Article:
After watching Devilment and Soilwork fall on their arses on the main stage, there was only one thing for it. Back into the New Blood Stage for Birmingham act Devil’s Playground. Born from the ashes of another relatively well known local band, Aceldama, Devil’s Playground feature two vocalists of completely differing styles. First vocalist, Matt, prowls the stage, roaring and sweating profusely in proper Hardcore tradition, while second vocalist, Leanne, counters that with her own strong voice and powerful melodies. Utilising a number of different styles, the band shift from Hardcore to Nu Metal to Power Metal and Thrash within the space of a few short minutes, but the songs rarely sound busy or cluttered.
It’s back to the main stage once more for legendary Bay Area Thrashers Testament, but yet again one of the bigger acts of the day fall down due to technical gremlins. Sound glitches bug the performance from start to finish, Eric Peterson‘s guitar completely drowns out Alex Skolnick‘s, as some clearly superbly played solos go by without most people being able to actually hear them. Even vocalist Chuck Billy doesn’t escape the technical hiccups either, his voice sounding far too low in the mix, sometimes disappearing completely. He may try and put on a typically smiling face for the increasingly listless audience, but there’s no mistaking his body language as he cuts a frustrated figure on stage.
You can always trust the Germans to be efficient, and when Blind Guardian take to the stage, the sound gremlins have unsurprisingly been well and truly chased off and everything sounds pretty much spot on. However, as it transpires, it’s actually the Swedish who should take the plaudits for the Fantasy Power Metal act’s superb sound, as the band were rescued by headliners, Amon Amarth, when their own equipment was held up somewhere in Middle Earth. Whatever the reason for the sudden change in sound quality, the result is stunning. All of a sudden, the previously largely unenthusiastic audience come to life and start singing for all their worth. Nine songs might not sound like much, but when the crowd singalong for ‘Valhalla’ takes nearly fifteen minutes alone, it makes a little more sense. ‘The Ninth Wave’, ‘Mirror Mirror’, ‘Nightfall’, ‘Mordred’s Song’, and ‘Welcome to Dying’ sound fantastic, but it’s the audience assisted ‘The Bard’s Song’ which stands out as one of the main highlights. A superb performance.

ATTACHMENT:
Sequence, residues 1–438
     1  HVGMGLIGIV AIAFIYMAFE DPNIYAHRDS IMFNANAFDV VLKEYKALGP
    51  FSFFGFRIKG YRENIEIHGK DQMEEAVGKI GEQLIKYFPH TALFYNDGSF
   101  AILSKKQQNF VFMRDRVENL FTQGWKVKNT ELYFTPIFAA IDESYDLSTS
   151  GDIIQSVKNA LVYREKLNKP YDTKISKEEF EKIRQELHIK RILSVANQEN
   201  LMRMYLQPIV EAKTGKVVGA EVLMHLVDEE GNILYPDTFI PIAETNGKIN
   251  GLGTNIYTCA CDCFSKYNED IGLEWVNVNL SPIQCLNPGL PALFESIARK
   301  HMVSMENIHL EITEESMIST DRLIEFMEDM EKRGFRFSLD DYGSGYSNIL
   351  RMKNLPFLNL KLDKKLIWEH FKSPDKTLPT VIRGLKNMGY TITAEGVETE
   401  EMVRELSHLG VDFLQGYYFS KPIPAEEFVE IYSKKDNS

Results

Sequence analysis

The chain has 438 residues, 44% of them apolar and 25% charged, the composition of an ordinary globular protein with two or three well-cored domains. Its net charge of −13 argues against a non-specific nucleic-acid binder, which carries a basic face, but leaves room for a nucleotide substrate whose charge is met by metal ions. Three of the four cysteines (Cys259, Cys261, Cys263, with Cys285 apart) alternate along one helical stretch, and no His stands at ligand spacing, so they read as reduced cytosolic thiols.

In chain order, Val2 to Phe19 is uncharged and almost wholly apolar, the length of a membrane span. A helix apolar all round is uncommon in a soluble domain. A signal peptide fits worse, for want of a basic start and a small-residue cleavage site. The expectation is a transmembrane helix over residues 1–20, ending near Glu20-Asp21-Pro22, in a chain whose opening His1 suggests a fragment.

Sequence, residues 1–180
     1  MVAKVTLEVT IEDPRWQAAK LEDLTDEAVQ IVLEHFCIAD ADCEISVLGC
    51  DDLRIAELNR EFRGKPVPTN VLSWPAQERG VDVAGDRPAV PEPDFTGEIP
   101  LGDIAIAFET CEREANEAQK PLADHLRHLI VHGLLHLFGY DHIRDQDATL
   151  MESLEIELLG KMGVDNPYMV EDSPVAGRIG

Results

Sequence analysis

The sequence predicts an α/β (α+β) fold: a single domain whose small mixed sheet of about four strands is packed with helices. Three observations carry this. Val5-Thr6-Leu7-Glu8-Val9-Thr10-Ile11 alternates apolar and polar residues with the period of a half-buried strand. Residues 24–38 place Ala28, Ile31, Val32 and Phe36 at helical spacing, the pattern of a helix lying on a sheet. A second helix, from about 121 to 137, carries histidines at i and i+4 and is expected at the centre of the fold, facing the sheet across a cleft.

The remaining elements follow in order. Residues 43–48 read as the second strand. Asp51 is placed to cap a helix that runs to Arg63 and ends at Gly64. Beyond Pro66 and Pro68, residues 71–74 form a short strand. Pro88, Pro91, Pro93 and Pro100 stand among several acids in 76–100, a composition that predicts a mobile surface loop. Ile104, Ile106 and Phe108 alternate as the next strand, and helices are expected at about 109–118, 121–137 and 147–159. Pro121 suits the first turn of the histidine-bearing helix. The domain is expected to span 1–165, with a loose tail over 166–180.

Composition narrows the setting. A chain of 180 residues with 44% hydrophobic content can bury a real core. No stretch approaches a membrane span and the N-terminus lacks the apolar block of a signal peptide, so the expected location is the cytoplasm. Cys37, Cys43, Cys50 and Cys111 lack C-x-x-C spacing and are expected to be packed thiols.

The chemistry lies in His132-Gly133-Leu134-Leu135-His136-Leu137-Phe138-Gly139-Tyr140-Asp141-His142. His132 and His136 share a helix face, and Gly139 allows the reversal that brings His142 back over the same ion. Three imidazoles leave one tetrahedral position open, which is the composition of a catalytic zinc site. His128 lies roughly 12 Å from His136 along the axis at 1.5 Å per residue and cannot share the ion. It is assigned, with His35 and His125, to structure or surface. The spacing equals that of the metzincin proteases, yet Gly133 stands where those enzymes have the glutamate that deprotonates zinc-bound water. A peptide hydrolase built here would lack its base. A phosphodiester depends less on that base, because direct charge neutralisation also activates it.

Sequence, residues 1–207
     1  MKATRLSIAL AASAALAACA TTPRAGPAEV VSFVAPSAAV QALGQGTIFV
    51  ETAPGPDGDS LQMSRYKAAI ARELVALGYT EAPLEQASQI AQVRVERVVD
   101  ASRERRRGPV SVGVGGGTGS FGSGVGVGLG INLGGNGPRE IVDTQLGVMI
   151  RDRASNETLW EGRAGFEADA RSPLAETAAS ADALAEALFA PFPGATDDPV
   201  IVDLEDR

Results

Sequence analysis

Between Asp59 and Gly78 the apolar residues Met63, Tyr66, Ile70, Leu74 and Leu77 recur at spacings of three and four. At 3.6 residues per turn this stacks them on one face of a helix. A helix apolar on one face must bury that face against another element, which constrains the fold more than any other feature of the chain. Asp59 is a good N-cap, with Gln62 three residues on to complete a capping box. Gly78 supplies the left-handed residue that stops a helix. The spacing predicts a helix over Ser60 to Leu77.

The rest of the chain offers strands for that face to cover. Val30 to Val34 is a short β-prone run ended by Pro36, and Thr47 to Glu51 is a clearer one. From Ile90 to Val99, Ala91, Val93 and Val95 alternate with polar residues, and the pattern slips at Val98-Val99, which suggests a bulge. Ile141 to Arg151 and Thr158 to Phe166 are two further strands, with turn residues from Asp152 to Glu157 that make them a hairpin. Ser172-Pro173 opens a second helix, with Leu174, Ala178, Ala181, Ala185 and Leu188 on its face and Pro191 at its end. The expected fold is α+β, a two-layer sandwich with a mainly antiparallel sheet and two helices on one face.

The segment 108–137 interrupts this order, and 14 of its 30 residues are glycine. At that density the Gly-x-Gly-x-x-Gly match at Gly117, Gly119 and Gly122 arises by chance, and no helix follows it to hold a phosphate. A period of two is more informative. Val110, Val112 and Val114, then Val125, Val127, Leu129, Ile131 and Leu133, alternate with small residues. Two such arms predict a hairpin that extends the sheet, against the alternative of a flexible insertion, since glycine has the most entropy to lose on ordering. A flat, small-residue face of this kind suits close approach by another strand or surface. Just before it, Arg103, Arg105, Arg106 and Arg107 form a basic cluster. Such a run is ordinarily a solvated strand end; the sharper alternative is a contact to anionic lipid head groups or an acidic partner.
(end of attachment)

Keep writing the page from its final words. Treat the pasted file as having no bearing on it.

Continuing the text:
The last time Swedish beard enthusiasts Amon Amarth played Bloodstock, a new craze was invented specifically for them. “Epic Viking Rowing”. Yes, for reasons best known to themselves, a number of the audience decided to sit down in the middle of a mosh pit and start rowing an invisible viking longboat. Now in 2017, almost half the audience takes part, and frontman Johan Hegg can’t stop grinning. Like Blind Guardian before them, the Swedes suffer absolutely none of the problems that seemed to beset most of the previous main stage bands, and they tear through a storming set which features such diverse subject matter as vikings, viking battles, and viking longboats, plus Donald Trump and the current turmoil in the world of global politics. No, not really. Just more viking stuff.
Boasting a bigger and more elaborate stage set than before, the band now unleash an inflatable sea beast, play around a massive viking helmet (ooer…), and feature two viking warriors who come onto the stage and fight each other to the death. There’s also an exploding Mjolnir, lots of bangs, whizzes, and booms, and lots and lots of fire. The setlist is a serious crowd pleaser too, filled with established big hitters like ‘Death in Fire’, ‘Guardians of Asgaard’, ‘Cry of the Black Birds’, ‘Deceiver of the Gods’, and ‘Father of the Wolf’ as well as more recent additions such as ‘At Dawn’s First Light’, ‘First Kill’, and the instant classic, ‘Raise Your Horns’. A flawless headline performance by one of the very best bands of the weekend.
WORDS BY GARY ALCOCK
PHOTOS BY RICH PRICE PHOTOGRAPHY